A virtual PBX (public branch exchange) is a type of hosted PBX. Virtual PBXs may refer to traditional hosted PBXs or it may refer to cloud PBXs. Lots of businesses are turning to virtual PBXs because they are a cheap and easy to use business VoIP solution, and they don’t require any extra hardware.
The term “PBX” refers to the system that a business uses to route calls and manage office phone extensions. PBXs can be hardware systems, software systems, or systems composed of both hardware and software.
There are lots of different kinds of PBXs. Aside from hosted PBXs or virtual PBXs, there are also IP PBXs and traditional PBXs. Traditional PBXs are large pieces of machinery that may require lots of office space and manual operation. Some people still use traditional PBXs but we won’t cover them here because they aren’t really VoIP solutions.
Our chart below will help you start looking into virtual PBXs to see if a virtual VoIP PBX phone system is right for your office.
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What is a virtual PBX?
As we said above, a virtual PBX is another term for a type of hosted PBX. The term “hosted PBX” means that your PBX is hosted by a VoIP service provider.
Many virtual PBXs require a full PBX hardware and software system, but you don’t have to own or operate any of the PBX components. Instead, your VoIP service provider owns and manages the full PBX hardware system and provides you with PBX service from a remote location. You never have to buy, own, or operate any hardware yourself.
However, the term virtual PBX may also refer to a cloud PBX which exists almost entirely on the Internet. Cloud PBXs eliminate much of the traditional hardware of a PBX and they have no physical location. Rather, all of your data is stored online through cloud technology. This means that a virtual PBX can be easily connected with any computer, tablet, mobile phone, or VoIP phone from any location without any kind of physical plugging in.
Cloud PBXs are hosted by a service provider in that the service provider designs and implements the cloud PBX, and the cloud technology is hosted by their server.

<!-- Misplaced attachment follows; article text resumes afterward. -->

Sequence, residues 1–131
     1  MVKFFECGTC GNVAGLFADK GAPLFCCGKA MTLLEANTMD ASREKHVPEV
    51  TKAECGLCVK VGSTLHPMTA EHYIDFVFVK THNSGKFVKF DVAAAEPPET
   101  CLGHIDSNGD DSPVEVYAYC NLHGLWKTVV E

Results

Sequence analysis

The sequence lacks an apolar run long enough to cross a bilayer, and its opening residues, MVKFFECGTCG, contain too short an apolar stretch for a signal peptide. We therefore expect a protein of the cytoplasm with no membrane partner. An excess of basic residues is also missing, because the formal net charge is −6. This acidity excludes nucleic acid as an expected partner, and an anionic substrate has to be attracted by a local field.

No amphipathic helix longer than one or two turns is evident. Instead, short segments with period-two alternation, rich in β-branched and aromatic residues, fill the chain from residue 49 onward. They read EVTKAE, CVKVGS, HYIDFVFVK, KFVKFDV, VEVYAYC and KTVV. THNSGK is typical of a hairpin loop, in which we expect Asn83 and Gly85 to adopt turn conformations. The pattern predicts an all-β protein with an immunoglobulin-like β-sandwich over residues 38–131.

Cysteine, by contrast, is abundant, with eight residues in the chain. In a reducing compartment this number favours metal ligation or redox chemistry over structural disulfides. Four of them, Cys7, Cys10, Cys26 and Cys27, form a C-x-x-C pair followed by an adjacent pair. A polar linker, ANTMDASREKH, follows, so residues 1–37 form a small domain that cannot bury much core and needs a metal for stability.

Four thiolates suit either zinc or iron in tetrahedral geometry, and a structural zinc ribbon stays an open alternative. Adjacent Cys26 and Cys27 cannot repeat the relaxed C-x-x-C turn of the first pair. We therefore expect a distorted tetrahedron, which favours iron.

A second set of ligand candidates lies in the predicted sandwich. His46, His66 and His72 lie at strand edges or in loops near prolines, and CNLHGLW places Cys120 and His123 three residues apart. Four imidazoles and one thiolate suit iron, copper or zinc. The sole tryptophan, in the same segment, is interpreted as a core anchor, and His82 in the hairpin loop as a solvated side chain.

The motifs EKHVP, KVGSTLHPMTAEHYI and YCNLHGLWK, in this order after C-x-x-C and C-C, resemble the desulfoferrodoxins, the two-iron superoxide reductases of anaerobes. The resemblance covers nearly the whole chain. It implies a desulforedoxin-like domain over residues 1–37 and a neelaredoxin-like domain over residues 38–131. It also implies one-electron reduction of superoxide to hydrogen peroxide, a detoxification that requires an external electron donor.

How is it different from an IP PBX?
With an IP or digital PBX you own and operate the PBX system in your own office. Your digital IP PBX may be composed of some hardware and some software components, or it may be an entirely software system.
For a virtual PBXs, by contrast, you only need IP phones and a computer with Internet access.
With a virtual PBX, you can have an almost unlimited number of phone extensions for your office. However, many virtual PBX service providers will only include a certain number of extensions in each plan. For example, the Pro plan with RingCentral includes 10 extensions, while the Office 300 plan with Phone.com includes unlimited extensions.
You can also use your virtual PBX VoIP system to provide extensions for employees working in different locations all over the world. Because a virtual PBX is hosted online, you aren’t limited to phone lines at a single specific geographical location for your service.
Virtual PBXs are the most basic type of virtual phone system. Depending on how much you want to spend, you can get more advanced virtual PBXs with more features, or cheaper virtual PBXs with fewer features.
Advantages of a Virtual PBX
Installation is easy with virtual PBX because you don’t have to buy any hardware for the system.
And virtual PBXs are frequently very cheap. In some cases, they may be your cheapest option for PBX service. With RingCentral, one of the more expensive cloud PBXs, a virtual PBX phone system costs $24.99/month. For a Jive hosted PBX, you have to pay $29.95/user per month.
However, you should note that pricing for virtual PBXs doesn’t always include phone service. With many VoIP service providers, you will also have to be sure to get a business VoIP phone solution as well.
Virtual PBX VoIP systems may also include lots of useful features like
- Music on hold
- Auto Receptionist
- Unlimited extensions
- Caller directory
- Customized greetings
Disadvantages of a Virtual PBX
Virtual PBXs may be less secure than other PBXs. For example, a downed Internet server could completely disrupt your office PBX system for a few hours.
And virtual PBXs may be very minimal. You should shop around before settling on a virtual PBX to see how various companies stack up based on features and cost. Some of the more full-featured virtual PBXs are likely to cost more, but the less expensive virtual PBXs may not be able to provide all of the service that you need.